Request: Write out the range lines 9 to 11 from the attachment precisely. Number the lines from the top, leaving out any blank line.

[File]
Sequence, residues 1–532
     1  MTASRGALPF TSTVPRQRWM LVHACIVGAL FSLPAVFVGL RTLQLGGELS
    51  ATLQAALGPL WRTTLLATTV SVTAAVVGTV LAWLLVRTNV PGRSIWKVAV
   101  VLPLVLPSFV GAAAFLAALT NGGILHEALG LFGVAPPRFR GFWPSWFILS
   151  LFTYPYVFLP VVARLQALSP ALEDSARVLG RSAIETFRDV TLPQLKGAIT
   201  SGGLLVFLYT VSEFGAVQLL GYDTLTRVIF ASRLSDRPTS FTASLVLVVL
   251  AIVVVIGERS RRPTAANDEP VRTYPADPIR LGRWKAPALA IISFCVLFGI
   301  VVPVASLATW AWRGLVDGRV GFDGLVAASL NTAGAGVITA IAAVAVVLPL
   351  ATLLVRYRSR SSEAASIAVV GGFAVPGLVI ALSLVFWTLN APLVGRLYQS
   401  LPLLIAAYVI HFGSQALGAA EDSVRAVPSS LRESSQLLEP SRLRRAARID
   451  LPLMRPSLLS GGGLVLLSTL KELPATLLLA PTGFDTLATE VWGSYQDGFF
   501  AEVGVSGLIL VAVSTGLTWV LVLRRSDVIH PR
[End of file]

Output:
   351  ATLLVRYRSR SSEAASIAVV GGFAVPGLVI ALSLVFWTLN APLVGRLYQS
   401  LPLLIAAYVI HFGSQALGAA EDSVRAVPSS LRESSQLLEP SRLRRAARID
   451  LPLMRPSLLS GGGLVLLSTL KELPATLLLA PTGFDTLATE VWGSYQDGFF